This is a good stream to practice your more advanced techniques, for as with most large fish, these guys are not easy, and they have seen it all. For the most part, the Culebra meanders like its name (it means snake in Spanish) through open fields with the odd Cottonwood grove, framed throughout by awesome Blanca Peak and the Culebra mountain range. This is a gorgeous place to fish, but its open nature requires stealth and finesse, and a good drift is crucial.
Cimarron: I learned to fish on the Cimarron, a lovely little tailwater that flows out of Eagle’s Nest Lake in the Moreno Valley, roughly 45 minutes northeast of Taos. NM 64 runs throughout its entire length, which provides easy access but in turn creates a somewhat pressured fishery. Luckily for anglers, the Cimarron has long claimed fish counts of over 2500 brown trout per mile, considerably upping the odds for success, and the state stocks rainbows regularly in the public sections.
The Cimarron has 10 miles of public water running through the Colin Neblett Wildlife area, which ends near the town of Ute Park. Downstream the river is entirely private. We have access to the Cimarron here on the Ute Creek and Cimarroncita Ranch, and I cannot endorse this private water enough. Fishing here is like fishing the Cimarron before they built the road; the fish are clean, plentiful, and often hungry. This stretch of the Cimarron is also not as sensitive to the drastic fluctuations in flow that take place seasonally as agricultural water demands wax and wane. Trout fare much better with stable flows, and thanks to several tributaries that come in upstream, the Ute Park fish have water all year round.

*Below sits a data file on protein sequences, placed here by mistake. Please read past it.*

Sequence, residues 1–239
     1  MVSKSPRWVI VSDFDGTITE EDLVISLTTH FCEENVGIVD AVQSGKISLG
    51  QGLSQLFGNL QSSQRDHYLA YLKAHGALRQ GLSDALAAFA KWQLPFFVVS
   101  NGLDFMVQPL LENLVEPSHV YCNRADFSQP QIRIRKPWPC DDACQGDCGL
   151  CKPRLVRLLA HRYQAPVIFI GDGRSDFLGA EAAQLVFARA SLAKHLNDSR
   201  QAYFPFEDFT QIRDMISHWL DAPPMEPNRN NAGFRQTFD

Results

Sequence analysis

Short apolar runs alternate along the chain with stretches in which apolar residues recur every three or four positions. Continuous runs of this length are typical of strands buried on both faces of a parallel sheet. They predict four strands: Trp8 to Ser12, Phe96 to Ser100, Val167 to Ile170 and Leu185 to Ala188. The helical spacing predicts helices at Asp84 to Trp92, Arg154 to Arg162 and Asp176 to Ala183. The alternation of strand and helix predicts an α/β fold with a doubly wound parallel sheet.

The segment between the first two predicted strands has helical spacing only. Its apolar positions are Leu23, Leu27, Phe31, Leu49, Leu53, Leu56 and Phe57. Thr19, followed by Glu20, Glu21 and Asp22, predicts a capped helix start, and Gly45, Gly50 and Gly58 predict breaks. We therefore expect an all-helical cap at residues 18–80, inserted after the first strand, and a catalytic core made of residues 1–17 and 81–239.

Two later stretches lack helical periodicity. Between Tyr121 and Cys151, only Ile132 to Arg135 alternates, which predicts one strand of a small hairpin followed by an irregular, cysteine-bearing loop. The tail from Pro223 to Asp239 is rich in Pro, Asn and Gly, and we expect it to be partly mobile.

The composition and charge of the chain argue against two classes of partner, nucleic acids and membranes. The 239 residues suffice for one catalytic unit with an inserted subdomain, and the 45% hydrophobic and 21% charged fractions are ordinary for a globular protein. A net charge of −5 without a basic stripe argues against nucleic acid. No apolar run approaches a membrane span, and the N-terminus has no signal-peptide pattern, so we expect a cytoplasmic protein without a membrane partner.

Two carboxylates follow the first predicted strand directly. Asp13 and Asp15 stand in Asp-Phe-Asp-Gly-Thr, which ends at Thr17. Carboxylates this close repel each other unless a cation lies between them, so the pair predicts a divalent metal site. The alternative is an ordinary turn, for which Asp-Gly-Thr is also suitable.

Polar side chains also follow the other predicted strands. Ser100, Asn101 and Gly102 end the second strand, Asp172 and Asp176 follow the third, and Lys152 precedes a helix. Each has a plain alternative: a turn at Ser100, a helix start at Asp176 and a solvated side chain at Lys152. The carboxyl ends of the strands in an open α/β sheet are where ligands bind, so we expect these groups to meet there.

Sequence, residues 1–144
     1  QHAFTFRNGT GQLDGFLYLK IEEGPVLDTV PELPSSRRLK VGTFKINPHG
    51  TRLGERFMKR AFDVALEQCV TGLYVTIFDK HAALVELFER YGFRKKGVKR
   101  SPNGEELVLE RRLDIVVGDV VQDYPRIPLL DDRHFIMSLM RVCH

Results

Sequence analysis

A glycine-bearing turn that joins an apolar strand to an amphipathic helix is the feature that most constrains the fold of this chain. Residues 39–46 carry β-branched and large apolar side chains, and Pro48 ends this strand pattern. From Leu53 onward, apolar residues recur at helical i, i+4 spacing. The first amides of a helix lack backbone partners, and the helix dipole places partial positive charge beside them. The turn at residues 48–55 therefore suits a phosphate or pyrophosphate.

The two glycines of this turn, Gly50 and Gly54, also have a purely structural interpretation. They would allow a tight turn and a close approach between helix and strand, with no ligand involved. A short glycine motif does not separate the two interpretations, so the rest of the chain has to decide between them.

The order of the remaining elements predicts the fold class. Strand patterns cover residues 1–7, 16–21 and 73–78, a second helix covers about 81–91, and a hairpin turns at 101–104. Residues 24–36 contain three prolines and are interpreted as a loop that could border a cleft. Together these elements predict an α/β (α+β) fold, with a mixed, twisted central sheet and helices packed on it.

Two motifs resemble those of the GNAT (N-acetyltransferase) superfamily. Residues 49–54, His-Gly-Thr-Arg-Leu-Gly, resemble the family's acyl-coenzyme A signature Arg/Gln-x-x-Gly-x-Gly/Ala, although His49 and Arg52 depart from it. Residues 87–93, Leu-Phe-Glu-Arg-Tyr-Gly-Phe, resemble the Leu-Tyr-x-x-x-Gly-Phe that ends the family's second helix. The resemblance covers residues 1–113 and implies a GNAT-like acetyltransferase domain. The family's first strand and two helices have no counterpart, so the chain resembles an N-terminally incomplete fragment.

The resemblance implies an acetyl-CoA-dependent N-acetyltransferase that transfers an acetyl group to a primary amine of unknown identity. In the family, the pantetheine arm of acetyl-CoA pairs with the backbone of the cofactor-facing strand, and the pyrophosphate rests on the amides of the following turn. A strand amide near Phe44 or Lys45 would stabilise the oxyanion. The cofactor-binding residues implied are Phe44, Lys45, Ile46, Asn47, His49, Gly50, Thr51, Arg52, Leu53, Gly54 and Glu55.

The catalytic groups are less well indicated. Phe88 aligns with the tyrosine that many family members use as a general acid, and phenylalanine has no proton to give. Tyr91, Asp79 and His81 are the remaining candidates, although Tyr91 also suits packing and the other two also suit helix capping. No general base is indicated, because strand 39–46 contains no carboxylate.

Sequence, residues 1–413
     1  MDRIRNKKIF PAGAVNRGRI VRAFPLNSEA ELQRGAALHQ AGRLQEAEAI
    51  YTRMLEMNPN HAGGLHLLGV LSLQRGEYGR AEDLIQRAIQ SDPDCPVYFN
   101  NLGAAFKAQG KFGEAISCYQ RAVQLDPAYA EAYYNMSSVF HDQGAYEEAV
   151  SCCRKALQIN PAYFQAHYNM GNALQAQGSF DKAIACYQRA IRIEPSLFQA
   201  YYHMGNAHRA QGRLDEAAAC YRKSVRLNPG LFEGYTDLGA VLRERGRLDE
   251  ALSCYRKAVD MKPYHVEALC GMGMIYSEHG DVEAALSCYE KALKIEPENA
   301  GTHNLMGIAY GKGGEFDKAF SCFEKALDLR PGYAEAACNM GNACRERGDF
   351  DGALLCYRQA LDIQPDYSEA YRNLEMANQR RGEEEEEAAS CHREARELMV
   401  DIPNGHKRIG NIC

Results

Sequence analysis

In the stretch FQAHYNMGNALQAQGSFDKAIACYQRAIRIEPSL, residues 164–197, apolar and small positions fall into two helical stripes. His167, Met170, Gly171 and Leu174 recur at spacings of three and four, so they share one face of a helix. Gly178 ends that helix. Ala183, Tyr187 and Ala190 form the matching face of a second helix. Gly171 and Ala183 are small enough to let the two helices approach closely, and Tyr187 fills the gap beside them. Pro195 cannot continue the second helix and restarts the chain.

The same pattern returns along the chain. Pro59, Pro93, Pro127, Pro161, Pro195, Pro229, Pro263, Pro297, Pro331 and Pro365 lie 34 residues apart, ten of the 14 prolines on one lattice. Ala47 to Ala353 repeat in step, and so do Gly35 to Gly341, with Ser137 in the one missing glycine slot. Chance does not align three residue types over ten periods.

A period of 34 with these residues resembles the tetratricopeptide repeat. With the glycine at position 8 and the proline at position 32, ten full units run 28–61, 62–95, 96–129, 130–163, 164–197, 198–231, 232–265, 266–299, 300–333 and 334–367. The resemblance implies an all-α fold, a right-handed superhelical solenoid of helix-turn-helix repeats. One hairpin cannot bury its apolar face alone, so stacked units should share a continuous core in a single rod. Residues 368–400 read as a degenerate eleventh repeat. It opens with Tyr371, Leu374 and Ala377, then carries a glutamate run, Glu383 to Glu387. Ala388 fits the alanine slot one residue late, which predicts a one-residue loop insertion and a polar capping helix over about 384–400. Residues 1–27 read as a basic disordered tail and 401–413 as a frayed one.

As to bugs, if you have sensed a Caddis theme in these pages, it won’t stop here. Caddis are plentiful on the Cimarron, and it’s nowonder that my fly boxes contained little else in the early years. Goddard’s Caddis, Parachute Adams, and large Attractors are all good bets. If you can’t get them to come up, trailing a dropper nymph behind your dry is a great way to fish two offerings at once and get down to the fish.
Embudo Box: This little tributary of the Rio Grande is one of the prettiest places on the planet, and the fishing’s not bad either. Embudo means ‘funnel’ in Spanish, and this place lives up to its name. The river foams through a deep gorge of layered sandstone. There are no real trails down; anglers must scramble, and four wheel drive is a must. Once to the water your reward is feisty little browns. The window to fish the Embudo is short, and spring is your best bet. Flows between 35 and 80 CFS are fishiest.